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Andrew Henderson

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Global Citizen

How to Become a European Citizen: Getting an EU Passport

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Dateline: Istanbul, Turkey

A lot of people are looking for second passports these days. The big question for many of these people is not whether or not they need a second passport but where exactly they will obtain their second citizenship.

When I first started traveling outside the United States on my own about eleven years ago, my first inclination was that a European passport would meet my needs. I felt that I was going to feel more comfortable there.

I began by traveling to places like Norway, Ireland and the UK. Especially in places like Norway, I felt like people were smarter and more plugged in. I didn’t necessarily agree with the socialism, but for someone with a global perspective, the Norwegian ethos fit my identity.

Now, after traveling to many more places and having experienced a great deal more, I have come to better understand the true value of citizenship. As we discuss in the methodology used to produce our Nomad Passport Index, citizenship is about more than identity.

My original desire to “be European” has now fallen in line with my desire to become a European citizen: I have respect for the citizenship process but my personal desire has diminished.

However, I understand that my diminished desire does not mean that many of my readers feel the same way. In fact, many of the people who come to me for help initially tell me that they are specifically looking for citizenship in the European Union.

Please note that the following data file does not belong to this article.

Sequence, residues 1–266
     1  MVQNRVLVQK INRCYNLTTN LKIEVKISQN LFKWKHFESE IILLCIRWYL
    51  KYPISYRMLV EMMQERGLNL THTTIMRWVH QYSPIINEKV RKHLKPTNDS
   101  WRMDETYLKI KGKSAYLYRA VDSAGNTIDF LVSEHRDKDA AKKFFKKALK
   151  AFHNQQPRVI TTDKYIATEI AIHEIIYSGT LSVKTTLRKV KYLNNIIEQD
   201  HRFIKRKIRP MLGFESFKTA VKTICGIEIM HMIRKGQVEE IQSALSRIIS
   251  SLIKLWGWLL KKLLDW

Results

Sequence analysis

I respect that desire, but I always try to dig a little deeper and understand why it is they are interested in European Union citizenship.

Many times, I have found that these individuals don’t really know why they want EU citizenship except that they want a “good passport.” They have fallen into the trap of collecting shiny objects instead of compiling a portfolio of useful tools that fit their personal international strategy on a holistic level.

It is one thing to say that you want to be European, it is another thing entirely to actually take the steps to become a European citizen when it may not serve you in the future.

That is why this article will not only explain how you can become a European citizen but also focus on the tough questions that will help you determine whether or not European citizenship is something that you actually need.

Defining “European”

Before we jump into the details, though, let’s clarify what “European” citizenship means.

For the purposes of this article, we will focus on European Union and EEA citizenship. While countries like Norway and Switzerland are not part of the European Union, they are still part of the European Economic Area (EEA) and are almost universally considered to be part of western Europe.